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    Claude Lefevre, Henri Guerin and Marie Dubois burst on the scene. One poor Rumpler finds himself the center of attention. Lucky for him one of the new Frenchmen jams his weapon and the damage is acceptable for a three plane attack.
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    With a jammed rear gun the Rumpler can only take the punches and hope there is no knock out blow.
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    Ground fire nips at a couple of the Hun scouts.
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    Omer Michaud finally reaches the battle and trades ineffectual shots at a foe.
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    Claude now has an eindecker to deal with.
    A close call with a minor brush between foes.
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    Too closely watching Paul Wolff’s close call Otto and Lothar almost collide themselves.
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    In the confused fur-ball it was difficult to take a well-aimed shot.
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    Henri, while clearing his jam, suddenly feels his plane feel like he hit a wall. The engine abruptly stopped, almost tearing itself out of the fuselage.
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    Claude feels the sting of the Rumpler’s rear gun. Then another. A third is all his N11 can take and the ground’s calling is irresistible.
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    Claude trades lead with a Rumpler’s rear gunner and again the observer wins the contest.
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    Claude would have none of it. He refocuses and rips the Rumpler apart. “There’s one set of plates that won’t get back to Hunland”! he screams over the roar of his engine.
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    Otto again almost flies into one of his own, this time with Konrad.
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    Two of the camera carrying planes make their break to get the important images back to their HQs.
    Only Claude is in any position to intervene.
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    Marie can only watch knowing he will not be able to catch up with the two-seater.
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    The Rumpler noses up seemingly for no reason. It stalls and them falls from the sky. Marie’s last shot had a delayed effect that the Rumpler could not outrun. (Oops, I didn’t count the damage from the last shot from Marie. This Rumpler should have fallen a bit earlier.)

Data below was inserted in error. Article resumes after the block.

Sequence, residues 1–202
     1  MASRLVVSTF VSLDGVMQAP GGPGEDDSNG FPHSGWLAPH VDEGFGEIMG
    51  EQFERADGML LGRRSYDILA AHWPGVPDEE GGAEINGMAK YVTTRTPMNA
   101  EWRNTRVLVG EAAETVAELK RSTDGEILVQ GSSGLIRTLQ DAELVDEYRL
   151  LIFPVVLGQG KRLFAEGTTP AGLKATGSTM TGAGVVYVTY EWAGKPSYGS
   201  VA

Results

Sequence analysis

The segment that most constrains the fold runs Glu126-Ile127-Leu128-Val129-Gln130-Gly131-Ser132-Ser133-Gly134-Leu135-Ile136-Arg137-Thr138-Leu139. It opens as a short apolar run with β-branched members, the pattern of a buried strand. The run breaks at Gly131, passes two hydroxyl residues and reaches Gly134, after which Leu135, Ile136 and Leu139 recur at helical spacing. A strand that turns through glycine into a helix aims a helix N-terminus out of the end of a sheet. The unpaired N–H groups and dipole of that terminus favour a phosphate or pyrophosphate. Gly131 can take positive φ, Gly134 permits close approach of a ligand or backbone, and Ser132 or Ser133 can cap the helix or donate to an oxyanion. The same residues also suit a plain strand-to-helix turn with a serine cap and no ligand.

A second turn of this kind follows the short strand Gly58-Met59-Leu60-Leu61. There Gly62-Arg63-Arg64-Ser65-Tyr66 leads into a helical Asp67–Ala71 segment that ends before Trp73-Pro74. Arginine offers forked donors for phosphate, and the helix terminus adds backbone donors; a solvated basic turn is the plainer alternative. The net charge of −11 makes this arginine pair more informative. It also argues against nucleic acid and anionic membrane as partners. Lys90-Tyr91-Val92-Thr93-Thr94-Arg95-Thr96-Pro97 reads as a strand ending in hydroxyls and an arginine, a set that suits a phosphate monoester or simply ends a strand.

A second set of precious photographs that will not get used.
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    Marie now gains the attention of the eindeckers. First Otto, (another oops drawing from the A deck for a collision!) then Lothar. Lothar fires the final burst and Marie spins to the ground.
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    Claude tries to line up his approach so that the Rumpler won’t escape.
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    Claude closes in on the last Rumpler. This time the N11 gives better than it recieives.
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    Rudolf turns the two-seater unexpectedly and Claude ends up flying to it’s side. Dieter gets a clear shot but misses.
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    Claude knows his chance is slipping away as he gets deeper over German territory.
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    Claude closes in and the Rumpler cannot escape this time.
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    One last shot before he has to turn back. Claude aims well but cannot shoot down the Hun. The Hun though has a lucky shot and hits Claude’s fuel tank. The last Frenchman to be shot down. The sixth of the six that made it to the fight.
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    The four German scouts can’t find anymore enemy planes in the sky so head for home.
    One mission airplane returns with many valuable photographs. The Germans ruled the sky downing 6 Frenchmen while only losing two themselves. Rudolf Muzler is the hero of the day, bringing home the valuable aerial photographs and scoring two kills, while his observer, Dieter Rosenfeldt scored one.